Next, assemble your incident response team. Because cyberattacks have far reaching business, operational, customer, and regulatory impacts, include stakeholders from various disciplines including IT, management, legal, HR, and communications/public relations. To ensure buy-in, explain why incident response matters, each individual’s role and responsibilities in the event of an incident, and how an effective plan can help everyone prepare to handle any cyber threats or data breaches.
If you have a global team, you may want to create decentralized teams for each region, each reporting to a single incident response leader.
It’s also a best practice to assign a specific person to be in charge of communicating with your management team. This may be a CISO or other business leader. The key is to have someone who can convey updates about incident response in language the C-suite and board will understand.
Revisit your policy and procedures frequently and ensure that your incident response team is regularly trained and prepared to respond.
Step 2: Detection and analysis
Take steps to put security safeguards in place. This way, you can quickly determine if your organization is vulnerable or has already been attacked, so you can take action to prevent further harm.
For example, attack surface analytics and continuous monitoring can pinpoint vulnerabilities in your network that attackers look to exploit and help prioritize the most critical risks for proactive remediation. To detect and analyze a potential breach, layer in endpoint monitoring, firewalls, intrusion detection, and security incident event management (SIEM) tools.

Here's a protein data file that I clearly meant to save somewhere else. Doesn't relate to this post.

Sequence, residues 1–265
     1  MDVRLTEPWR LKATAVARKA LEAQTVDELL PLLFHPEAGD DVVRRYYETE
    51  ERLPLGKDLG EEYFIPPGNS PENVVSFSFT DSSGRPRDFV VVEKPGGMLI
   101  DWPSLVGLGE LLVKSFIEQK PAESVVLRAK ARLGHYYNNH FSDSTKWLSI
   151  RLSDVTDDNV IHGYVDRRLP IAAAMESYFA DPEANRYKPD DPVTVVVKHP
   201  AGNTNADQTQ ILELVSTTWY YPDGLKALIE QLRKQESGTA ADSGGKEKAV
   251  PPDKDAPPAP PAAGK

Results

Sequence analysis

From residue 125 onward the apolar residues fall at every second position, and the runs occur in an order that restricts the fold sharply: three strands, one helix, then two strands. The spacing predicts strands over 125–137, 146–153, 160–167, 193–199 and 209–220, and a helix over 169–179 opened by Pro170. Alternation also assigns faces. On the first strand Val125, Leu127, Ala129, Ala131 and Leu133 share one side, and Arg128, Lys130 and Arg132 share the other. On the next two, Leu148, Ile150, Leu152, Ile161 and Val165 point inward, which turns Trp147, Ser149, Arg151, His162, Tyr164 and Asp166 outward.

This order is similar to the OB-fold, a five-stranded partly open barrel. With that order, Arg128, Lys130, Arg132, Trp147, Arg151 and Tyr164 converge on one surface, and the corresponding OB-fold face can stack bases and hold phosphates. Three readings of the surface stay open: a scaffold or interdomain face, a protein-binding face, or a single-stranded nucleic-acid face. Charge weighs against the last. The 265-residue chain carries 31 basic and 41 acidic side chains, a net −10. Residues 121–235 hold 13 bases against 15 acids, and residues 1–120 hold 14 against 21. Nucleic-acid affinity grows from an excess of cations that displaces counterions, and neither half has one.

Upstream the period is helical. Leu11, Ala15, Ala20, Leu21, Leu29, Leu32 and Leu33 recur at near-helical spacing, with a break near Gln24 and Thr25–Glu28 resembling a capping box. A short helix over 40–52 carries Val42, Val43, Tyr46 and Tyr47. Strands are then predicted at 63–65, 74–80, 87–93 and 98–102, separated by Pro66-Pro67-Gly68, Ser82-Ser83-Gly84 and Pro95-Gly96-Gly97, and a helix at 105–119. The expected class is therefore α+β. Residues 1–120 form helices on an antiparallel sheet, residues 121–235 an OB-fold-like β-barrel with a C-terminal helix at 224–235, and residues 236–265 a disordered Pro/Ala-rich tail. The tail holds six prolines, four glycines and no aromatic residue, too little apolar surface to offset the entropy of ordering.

Step 3: Containment, eradication, and recovery
During this phase, the incident response team is focused on mitigating the effects of an incident. To understand what systems are affected, look to your security management tools for intelligence and indicators of compromise, then shut down or isolate these devices, address the root cause, and restore systems.
This phase is guided by how critical the data or assets are, how severe the incident is, and business continuity imperatives. Here, you can score incidents (also known as incident classification) based on the impact they may have on your operations, the systems or data at risk, and the ability to recover.
Don’t forget to include a process for documenting the actions you take and any evidence of compromise collected. This will be instrumental in the next step of your incident response plan.